- Visas: USD 50 for the 90-day East African visa covering Rwanda, Uganda and Tanzania. More visa information can be found here. Please check if your passport allows you to travel to Rwanda without a visa!
- Booking through a tour operator will likely give you a better rate for the entire package
Accommodation for gorilla trekking in Rwanda:
- Moderate: Mountain Gorilla View Lodge (USD 230-450 for double occupancy, including full board). This is where I stayed – it’s a great option if you’re looking for something that’s closer to the luxury category, yet not outrageously expensive.
- Luxury: Virunga Lodge (USD 500-900 per person for double occupancy, depending on time of year). Even if you don’t stay here, definitely catch a drink here at sunset. The views are spectacular (I was too exhausted after my trek to make it here, but heard amazing things).
- A selection of the best options across budget ranges can be found here.
Best time to go gorilla trekking in Rwanda:
While the weather is generally pleasant year-round, it is recommended to visit Rwanda during the drier season. This is December to March, and June to September. You don’t want to be trekking mountains while it’s raining!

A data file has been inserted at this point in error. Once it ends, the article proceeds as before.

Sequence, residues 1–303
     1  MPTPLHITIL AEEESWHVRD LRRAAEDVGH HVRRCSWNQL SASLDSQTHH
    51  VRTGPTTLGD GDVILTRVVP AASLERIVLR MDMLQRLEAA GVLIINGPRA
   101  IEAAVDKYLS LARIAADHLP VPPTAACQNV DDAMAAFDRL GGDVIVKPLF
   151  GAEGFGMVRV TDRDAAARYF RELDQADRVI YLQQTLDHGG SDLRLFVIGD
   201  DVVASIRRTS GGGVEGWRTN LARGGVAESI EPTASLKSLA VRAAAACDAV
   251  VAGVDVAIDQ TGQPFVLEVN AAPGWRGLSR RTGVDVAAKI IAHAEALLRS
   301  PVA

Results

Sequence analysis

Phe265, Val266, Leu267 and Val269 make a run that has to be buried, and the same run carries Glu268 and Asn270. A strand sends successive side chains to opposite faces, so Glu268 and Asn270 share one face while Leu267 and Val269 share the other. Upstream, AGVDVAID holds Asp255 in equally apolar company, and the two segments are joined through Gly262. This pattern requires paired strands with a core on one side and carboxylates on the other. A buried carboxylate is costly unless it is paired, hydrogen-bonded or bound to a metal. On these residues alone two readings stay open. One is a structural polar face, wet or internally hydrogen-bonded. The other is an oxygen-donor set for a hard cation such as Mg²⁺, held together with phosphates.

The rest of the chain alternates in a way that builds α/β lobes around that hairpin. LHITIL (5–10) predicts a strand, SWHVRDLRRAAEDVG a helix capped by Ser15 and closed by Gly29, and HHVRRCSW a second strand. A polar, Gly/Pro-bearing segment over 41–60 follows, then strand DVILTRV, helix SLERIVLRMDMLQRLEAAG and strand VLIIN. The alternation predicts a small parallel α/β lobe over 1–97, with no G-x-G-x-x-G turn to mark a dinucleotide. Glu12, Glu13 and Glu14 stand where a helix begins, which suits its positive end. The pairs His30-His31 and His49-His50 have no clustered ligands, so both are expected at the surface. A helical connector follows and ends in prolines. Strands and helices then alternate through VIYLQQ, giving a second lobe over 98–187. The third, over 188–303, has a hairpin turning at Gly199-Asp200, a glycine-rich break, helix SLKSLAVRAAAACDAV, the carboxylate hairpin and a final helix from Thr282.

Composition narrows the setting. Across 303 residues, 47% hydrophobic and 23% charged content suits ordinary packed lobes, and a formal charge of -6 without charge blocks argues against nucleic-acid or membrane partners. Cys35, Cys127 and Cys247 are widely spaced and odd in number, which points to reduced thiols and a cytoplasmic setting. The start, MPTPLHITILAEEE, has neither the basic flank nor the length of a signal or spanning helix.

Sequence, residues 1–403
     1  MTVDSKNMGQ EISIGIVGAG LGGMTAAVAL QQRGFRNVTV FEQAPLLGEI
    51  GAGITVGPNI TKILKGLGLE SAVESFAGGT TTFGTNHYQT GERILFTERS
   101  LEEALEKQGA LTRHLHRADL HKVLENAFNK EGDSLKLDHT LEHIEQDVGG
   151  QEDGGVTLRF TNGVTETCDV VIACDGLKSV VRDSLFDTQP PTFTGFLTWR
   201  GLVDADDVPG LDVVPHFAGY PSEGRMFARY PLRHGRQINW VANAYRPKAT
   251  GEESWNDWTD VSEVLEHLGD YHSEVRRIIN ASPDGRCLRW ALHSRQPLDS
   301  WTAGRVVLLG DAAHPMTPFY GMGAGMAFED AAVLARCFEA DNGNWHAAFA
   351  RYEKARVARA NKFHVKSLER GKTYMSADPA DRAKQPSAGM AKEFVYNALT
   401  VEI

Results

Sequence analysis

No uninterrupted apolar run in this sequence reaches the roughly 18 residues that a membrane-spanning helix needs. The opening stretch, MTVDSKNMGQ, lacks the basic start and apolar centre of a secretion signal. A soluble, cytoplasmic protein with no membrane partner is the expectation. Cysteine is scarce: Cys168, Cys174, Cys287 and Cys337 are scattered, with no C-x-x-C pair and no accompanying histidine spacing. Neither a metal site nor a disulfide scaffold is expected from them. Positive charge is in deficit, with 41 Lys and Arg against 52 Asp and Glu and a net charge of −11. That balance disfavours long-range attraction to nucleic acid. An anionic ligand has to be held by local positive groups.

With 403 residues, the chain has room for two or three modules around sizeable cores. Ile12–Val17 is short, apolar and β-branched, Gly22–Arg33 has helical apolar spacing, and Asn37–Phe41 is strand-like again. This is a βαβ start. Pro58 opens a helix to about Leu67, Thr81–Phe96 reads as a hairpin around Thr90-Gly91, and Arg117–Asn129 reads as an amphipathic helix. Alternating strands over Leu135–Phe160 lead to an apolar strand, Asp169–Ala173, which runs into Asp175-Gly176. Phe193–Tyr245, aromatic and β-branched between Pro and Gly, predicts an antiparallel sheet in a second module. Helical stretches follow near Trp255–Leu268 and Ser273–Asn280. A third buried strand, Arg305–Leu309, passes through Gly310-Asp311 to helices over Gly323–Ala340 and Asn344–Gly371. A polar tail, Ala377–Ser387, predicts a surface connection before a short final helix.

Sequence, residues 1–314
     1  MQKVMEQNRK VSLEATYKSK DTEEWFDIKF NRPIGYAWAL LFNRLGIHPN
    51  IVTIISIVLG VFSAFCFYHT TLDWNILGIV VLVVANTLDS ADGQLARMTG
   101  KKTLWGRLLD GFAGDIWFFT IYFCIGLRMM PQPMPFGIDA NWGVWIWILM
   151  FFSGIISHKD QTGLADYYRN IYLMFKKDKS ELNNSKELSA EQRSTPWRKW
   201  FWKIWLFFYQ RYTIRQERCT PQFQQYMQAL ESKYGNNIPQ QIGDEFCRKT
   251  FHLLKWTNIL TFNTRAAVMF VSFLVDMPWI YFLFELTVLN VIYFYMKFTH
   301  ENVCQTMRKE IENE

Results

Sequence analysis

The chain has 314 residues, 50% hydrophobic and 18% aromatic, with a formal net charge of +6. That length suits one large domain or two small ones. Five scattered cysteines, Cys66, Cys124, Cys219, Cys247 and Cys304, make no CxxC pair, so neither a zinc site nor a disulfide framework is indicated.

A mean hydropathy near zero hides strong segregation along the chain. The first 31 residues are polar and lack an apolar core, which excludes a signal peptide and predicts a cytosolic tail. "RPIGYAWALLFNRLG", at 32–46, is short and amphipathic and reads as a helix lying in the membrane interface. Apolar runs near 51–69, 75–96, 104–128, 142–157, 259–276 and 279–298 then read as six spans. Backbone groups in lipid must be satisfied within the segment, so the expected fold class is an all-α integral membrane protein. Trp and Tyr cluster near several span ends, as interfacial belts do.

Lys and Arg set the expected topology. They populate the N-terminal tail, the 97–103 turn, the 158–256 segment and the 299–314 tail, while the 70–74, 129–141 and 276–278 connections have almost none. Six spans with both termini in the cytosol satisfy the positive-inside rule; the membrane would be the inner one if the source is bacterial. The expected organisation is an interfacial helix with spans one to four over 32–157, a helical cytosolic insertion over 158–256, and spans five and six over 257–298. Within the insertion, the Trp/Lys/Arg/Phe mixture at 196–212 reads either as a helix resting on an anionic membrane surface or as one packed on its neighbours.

What to pack for gorilla trekking in Rwanda:
I really struggled with finding the right information for this before my trip, so I hope this information is helpful to all those planning a gorilla trek in Rwanda, Uganda or the DRC!
- Full sleeve shirt of slightly thicker material like denim (there are poisonous nettle in the forest and you need to be covered)
- Waterproof hiking pants like these
- Leggings or tights to wear under the pants (incase you get cut)
- Gardening gloves like these (you will have to push away poisonous vegetation during some parts of the trek, or even grip onto them for balance)
- Light-weight waterproof hiking boots (please invest in a good pair with ankle support. Avoid sneakers.)
- Thick full-length socks
- Gaiters like these
- Rain jacket/windcheater as it can get cold or rainy even during the dry season
- Small waterproof backpack to carry some water, snacks, your camera and other essentials. You will be in the mountains for anywhere between 3 to 8 hours, so pack some energy bars
- Sunscreen lotion
- Camera/video camera
- Insect repellant
Getting to Rwanda:
You will land at Kigali International Airport. There are direct flights from several destinations in Africa, Europe, and Asia. Check your flight options here.
Other useful information: